While hookah bars have gained wide acceptance in many areas of Florida, some communities and landlords aren’t so welcoming. Bajalia says that when he looked into opening a hookah cafe in St. Augustine several years ago, the city council told him not to bother. “They said, ‘Absolutely not. We’ll shut you down.’ ” In Tampa, some strip malls near the University of South Florida have posted signs stating that smoke shops or smoke lounges need not apply to lease space.
|Hookah Smoking Among Florida High Schoolers|
|Source: Florida Youth Tobacco Survey, Florida Department of Health|
Earlier this year, Soloman Wassef encountered significant opposition from the city council when he tried to obtain a beer and wine license for the hookah lounge he planned to open in downtown Lakeland. Even the former mayor showed up at a commission meeting to protest the establishment. While the commission ultimately approved Wassef’s plan to open the Hookah Palace, it was with one caveat: Only those who are 21 years and older can enter.
Lakeland City Commissioner Justin Troller, an American government teacher and wrestling coach at Lakeland Senior High School, is no fan of underage smoking but says city officials can’t deny licenses to people who want to operate legal businesses. Morever, he says he’s hoping that the Hookah Palace might help to “bring a diverse crowd” to the downtown that the city has spent millions renovating. “Here’s an opportunity to bring something new and different.”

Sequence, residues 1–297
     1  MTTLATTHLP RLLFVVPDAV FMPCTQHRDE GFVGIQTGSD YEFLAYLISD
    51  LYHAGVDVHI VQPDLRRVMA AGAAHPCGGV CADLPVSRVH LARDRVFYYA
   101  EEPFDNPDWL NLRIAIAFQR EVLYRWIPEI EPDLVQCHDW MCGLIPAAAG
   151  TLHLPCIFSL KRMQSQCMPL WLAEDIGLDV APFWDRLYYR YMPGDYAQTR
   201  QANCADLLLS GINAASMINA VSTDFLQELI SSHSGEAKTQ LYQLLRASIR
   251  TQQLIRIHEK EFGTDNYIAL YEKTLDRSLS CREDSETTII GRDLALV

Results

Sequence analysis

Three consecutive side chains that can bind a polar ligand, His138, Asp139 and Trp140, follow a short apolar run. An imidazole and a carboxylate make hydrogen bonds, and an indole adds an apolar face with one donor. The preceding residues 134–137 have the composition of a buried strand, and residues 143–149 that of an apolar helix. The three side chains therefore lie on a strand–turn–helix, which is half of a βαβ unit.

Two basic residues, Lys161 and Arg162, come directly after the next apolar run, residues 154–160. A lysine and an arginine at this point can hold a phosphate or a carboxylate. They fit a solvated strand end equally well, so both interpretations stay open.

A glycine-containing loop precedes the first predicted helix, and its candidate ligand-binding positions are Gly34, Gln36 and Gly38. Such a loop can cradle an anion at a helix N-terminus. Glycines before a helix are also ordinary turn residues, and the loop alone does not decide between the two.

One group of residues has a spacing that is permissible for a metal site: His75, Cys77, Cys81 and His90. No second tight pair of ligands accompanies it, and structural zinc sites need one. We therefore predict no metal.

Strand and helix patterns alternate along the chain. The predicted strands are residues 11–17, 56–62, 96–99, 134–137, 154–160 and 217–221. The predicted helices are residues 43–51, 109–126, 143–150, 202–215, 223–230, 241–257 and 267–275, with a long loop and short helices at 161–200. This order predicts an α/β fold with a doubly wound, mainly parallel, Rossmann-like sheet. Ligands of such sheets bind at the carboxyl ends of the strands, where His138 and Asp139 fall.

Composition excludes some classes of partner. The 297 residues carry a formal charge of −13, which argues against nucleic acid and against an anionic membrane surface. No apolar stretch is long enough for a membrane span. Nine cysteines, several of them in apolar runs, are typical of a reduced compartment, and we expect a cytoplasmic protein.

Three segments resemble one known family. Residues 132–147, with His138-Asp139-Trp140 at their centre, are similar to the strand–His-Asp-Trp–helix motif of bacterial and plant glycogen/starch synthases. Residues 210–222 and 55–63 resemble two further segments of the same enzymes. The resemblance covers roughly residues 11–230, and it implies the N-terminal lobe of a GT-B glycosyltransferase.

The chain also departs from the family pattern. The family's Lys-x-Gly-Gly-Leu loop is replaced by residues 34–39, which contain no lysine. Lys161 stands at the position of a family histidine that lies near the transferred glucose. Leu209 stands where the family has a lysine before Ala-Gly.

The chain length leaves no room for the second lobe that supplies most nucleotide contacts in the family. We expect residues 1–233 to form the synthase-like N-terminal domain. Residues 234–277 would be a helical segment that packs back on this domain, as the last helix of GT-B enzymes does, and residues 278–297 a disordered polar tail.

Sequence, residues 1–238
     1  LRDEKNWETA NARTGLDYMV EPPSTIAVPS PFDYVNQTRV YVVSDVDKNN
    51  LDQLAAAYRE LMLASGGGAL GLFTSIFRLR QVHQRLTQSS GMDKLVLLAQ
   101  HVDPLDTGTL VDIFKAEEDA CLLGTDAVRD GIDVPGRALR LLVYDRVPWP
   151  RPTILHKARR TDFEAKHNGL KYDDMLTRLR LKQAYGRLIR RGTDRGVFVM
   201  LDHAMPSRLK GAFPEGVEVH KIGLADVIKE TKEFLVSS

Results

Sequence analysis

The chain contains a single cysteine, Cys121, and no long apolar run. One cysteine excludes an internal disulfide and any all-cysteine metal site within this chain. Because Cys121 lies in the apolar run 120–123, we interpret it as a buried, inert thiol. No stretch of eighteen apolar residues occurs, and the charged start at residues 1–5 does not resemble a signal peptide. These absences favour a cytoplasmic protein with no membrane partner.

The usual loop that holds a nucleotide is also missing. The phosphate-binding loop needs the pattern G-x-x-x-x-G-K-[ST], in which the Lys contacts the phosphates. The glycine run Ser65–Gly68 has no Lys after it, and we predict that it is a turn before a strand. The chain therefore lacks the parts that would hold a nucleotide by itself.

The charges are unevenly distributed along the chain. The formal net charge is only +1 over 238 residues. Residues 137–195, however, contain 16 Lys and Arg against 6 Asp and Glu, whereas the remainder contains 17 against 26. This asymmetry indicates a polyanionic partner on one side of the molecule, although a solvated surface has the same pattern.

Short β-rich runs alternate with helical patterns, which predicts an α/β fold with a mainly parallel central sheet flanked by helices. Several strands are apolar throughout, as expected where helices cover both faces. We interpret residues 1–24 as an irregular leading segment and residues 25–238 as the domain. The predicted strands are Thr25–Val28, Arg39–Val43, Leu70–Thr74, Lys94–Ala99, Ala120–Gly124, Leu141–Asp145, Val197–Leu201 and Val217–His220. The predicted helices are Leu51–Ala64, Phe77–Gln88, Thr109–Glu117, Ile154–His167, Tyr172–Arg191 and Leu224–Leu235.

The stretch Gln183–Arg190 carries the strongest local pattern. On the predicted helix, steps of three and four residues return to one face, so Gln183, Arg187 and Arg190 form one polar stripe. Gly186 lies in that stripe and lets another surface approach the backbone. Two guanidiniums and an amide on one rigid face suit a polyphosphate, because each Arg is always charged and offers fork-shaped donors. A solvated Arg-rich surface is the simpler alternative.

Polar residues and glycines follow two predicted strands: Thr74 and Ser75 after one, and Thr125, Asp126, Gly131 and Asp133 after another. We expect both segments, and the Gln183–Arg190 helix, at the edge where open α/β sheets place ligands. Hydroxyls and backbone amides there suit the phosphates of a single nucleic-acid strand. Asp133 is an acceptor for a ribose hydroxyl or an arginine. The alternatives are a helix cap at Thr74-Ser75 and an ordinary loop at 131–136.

But Howard Wiggs, one of the city commissioners who opposed the Hookah Palace, says he believes his colleagues made a mistake. While the city didn’t have any sort of mechanism to veto the hookah bar on the basis of the smoking issue, Wiggs says they could have chosen not to permit an additional bar to come into the downtown. “Approval of this bar sent an inappropriate message. The American Cancer Society has thoroughly evaluated this form of tobacco and it is harmful.”
|“It’s really smooth. It’s not harsh. It’s not anything comparable to a cigarette. There’s no bad aftertaste.
There’s no bad smell on your breath. Honestly,
it’s like smoking candy.”
— Amber Gordon, 20, Tampa
In addition to a backlash from health experts and landlords, hookah bars also face tax issues. Eight years ago, soon after the advent of the hookah craze, the tax rate on tobacco in Florida was 25% of the wholesale price. Today it’s at 85%. The hookah industry, meanwhile, is keeping a close eye on federal legislation, H.R. 4439, which would raise the tax on hookah tobacco by 775%. The “Tobacco Tax Parity Act of 2010” is intended to bring tax rates on pipe tobacco, which includes hookahs, in line with the higher rates imposed on rolled tobacco. But hookah proprietors say that a 250-gram (8.75 ounce) box of hookah tobacco that currently retails for $5.99 would cost more than $20 if this bill passes, which could put them out of business.
Manny Franco, general manager of the Blue Lizard Hookah Lounge near USF in Tampa, says such a tax increase would make it impossible to eke a profit out of the hubble-bubble. If that happens, he says he plans to offer only herbal hookah, a nicotine-free product made from tea leaves.
With that, Franco packs a bowl with strawberry/lemonade-flavored, herbal hookah and ignites a coal. “The hookah, I think is kind of secondary,” he says. “People come here to socialize.”